After introducing Rick Perry as a “genuine follower of Jesus Christ” at the 2011 Values Voter Summit on Friday, a Baptist megachurch pastor, Robert Jeffress of Dallas, called the Mormon Church a cult and said that Mitt Romney is “not a Christian.” Perry’s campaign responded that he does not consider Mormonism a cult but declined to condemn the attacks on Mormonism and said that the organizers of the VVS were responsible for the choice of Jeffress. But Family Research Council president, Tony Perkins, said that Perry had approved the choice of Jeffress to introduce him.
Denying that his remarks were coordinated with the Perry campaign, Jeffress himself has gone on to say that, if Romney were a presidential candidate, he would vote for him, though he felt that, in those circumstances, many evangelical voters would stay home and not case their vote for the GOP. The minister’s statement brings Romney’s religion — which, along with his changing stance over the years on social issues including abortion and gay rights, he has long tried to push to the side — into the limelight.
On the schedule at VVS after Romney was Bryan Fischer, a Baptist pastor and official at the Mississippi-based American Family Association who has said that Mormons don’t have the same Constitutional rights as those of other faiths, blamed homosexuals for the Holocaust and called for a ban on Muslims in the military. Romney “took a defensive posture” and, after saying that “our government should respect religious values, not silence them,” Romney continued:
Our values ennoble the citizen, and strengthen the nation. We should remember that decency and civility are values too. One of the speakers who will follow me today, has crossed that line. Poisonous language does not advance our cause. It has never softened a single heart nor changed a single mind.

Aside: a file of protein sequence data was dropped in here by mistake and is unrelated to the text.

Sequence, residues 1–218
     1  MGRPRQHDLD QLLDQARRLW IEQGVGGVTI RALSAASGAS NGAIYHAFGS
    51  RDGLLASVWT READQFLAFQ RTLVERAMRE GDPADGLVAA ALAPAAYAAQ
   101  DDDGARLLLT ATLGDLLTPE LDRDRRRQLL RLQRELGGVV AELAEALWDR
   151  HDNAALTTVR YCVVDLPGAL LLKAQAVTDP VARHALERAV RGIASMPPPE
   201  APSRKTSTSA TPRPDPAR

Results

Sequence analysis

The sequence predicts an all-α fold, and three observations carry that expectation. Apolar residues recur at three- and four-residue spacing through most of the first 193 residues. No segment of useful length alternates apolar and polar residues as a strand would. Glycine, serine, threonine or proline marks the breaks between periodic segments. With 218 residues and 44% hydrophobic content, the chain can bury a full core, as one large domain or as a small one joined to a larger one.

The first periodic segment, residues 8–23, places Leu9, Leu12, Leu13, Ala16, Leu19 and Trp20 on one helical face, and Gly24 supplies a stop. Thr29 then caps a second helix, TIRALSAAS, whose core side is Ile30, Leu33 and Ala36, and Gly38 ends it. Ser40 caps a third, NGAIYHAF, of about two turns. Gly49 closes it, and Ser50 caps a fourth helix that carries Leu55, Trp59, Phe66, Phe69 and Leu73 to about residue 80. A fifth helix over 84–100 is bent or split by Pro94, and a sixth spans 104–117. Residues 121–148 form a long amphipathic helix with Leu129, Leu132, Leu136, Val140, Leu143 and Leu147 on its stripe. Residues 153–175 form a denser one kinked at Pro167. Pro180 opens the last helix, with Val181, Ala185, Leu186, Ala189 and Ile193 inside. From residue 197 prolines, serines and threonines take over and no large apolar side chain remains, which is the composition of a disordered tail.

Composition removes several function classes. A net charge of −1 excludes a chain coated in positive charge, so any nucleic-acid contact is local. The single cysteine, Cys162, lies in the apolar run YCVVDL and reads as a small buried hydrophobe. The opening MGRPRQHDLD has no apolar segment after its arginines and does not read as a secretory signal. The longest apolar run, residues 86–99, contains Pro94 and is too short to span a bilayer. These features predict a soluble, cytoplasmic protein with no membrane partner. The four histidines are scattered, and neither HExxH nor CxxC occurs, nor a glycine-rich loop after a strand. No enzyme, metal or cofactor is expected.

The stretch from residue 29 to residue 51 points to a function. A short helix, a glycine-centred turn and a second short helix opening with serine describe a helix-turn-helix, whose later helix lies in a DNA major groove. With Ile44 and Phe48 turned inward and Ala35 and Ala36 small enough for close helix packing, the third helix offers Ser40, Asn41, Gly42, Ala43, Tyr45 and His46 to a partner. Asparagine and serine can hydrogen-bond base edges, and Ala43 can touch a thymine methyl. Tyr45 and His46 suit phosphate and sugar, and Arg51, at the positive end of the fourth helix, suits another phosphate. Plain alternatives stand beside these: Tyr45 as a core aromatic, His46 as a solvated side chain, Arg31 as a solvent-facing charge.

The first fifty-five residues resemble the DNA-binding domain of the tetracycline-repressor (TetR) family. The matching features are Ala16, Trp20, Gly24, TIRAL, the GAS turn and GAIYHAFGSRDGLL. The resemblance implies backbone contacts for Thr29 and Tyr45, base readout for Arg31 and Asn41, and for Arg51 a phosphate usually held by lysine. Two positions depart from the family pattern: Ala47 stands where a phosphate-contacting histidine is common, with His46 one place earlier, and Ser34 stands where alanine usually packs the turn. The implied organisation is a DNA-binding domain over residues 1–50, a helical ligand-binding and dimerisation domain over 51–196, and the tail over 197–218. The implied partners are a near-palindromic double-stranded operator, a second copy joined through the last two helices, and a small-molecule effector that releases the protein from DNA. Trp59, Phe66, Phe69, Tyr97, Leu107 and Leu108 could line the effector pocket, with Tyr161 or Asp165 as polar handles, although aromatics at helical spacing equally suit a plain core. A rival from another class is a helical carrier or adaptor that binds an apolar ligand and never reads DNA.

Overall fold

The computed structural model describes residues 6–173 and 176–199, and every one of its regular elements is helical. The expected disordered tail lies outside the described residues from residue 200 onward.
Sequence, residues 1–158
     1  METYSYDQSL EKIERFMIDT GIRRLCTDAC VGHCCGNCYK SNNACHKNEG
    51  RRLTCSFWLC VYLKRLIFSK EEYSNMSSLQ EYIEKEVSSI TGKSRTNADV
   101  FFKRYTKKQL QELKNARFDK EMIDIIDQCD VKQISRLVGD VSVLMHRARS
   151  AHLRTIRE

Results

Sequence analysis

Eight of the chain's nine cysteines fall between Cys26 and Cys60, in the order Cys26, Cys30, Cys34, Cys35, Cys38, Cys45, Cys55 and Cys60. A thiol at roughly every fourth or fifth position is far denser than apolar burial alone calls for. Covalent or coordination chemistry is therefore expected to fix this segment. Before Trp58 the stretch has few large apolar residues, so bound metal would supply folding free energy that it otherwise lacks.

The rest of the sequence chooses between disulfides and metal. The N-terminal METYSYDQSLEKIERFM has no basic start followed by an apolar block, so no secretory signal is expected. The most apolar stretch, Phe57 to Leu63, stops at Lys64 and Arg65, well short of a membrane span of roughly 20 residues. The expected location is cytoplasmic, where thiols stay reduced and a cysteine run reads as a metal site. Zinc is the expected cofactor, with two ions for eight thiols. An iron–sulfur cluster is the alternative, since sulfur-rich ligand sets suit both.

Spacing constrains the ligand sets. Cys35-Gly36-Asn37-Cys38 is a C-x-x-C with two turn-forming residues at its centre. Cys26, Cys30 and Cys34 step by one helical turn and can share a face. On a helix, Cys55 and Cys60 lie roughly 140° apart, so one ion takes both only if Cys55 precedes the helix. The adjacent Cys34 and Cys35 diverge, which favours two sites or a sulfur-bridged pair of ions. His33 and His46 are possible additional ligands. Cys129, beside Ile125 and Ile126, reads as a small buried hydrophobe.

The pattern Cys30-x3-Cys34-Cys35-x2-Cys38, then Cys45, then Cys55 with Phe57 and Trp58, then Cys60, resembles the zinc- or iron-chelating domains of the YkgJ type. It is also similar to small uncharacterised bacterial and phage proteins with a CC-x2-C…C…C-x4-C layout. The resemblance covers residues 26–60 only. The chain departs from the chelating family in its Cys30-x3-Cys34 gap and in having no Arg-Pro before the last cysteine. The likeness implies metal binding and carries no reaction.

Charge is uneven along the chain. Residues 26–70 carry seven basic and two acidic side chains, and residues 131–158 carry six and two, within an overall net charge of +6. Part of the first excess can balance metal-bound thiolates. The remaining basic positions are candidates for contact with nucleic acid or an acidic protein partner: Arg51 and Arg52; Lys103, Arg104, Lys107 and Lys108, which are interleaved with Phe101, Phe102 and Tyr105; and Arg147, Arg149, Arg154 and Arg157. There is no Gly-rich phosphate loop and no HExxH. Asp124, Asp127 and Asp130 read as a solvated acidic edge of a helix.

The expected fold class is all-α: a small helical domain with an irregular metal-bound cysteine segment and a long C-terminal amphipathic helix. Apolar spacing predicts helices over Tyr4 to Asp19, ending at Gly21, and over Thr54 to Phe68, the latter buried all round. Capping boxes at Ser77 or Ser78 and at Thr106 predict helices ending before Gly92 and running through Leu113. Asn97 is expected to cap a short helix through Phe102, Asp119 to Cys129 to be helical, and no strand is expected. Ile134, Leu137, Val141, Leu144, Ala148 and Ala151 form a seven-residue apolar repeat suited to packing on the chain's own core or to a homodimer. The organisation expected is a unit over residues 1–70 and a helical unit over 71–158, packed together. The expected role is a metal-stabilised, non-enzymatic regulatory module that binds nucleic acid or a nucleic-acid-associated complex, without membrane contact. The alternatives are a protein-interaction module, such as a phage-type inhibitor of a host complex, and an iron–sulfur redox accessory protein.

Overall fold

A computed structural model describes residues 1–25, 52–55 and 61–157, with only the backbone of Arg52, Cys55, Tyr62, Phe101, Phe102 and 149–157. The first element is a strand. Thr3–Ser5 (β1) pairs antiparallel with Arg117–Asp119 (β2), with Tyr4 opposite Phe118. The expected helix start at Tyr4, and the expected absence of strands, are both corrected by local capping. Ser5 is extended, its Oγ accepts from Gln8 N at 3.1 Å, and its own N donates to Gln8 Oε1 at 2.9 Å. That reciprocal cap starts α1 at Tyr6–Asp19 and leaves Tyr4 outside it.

As Evan McMorris-Santoro writes, Romney also “took a roundabout shot at Jeffress — and at Perry for standing with him Friday.”
In his address following Romney at VVS, Fischer stated that a “genuine Christian” must lead the nation.
Jeffress’ statement has revealed the unease many social conservatives feel about Romney’s faith, which they are attacking in the same way they have Obama’s Christianity by asserting that the US is a Christian nation and must therefore be led by someone who is a (“genuine”) Christian. At issue for Romney is how much of a defensive posture he chooses to take in addressing these attacks on his faith, says McMorris-Santoro:
Though somewhat subtle, there was no mistaking that Romney was pushing back on the Mormon attacks hard. There’s a good reason for that: polling shows they could be a problem for Romney in the base if they catch fire, but most Americans are ready for a Mormon president.
Four years ago when he was in the race to be the GOP candidate, Romney discussed his Mormon faith in a major address. Romney declined to comment about Jeffress’ actual remarks, saying that he had explained his views about his faith in that 2007 speech. His response to critics of his religion suggest that he is “happy to be viewed as a candidate who stands up to extreme elements of his own party.”
Besides Perry, two other contenders for the GOP presidential nomination, Rick Santorum and Herman Cain, have declined to condemn Jeffress’ statement that Mormonism is a cult. Newt Gingrich has declined to comment at all.
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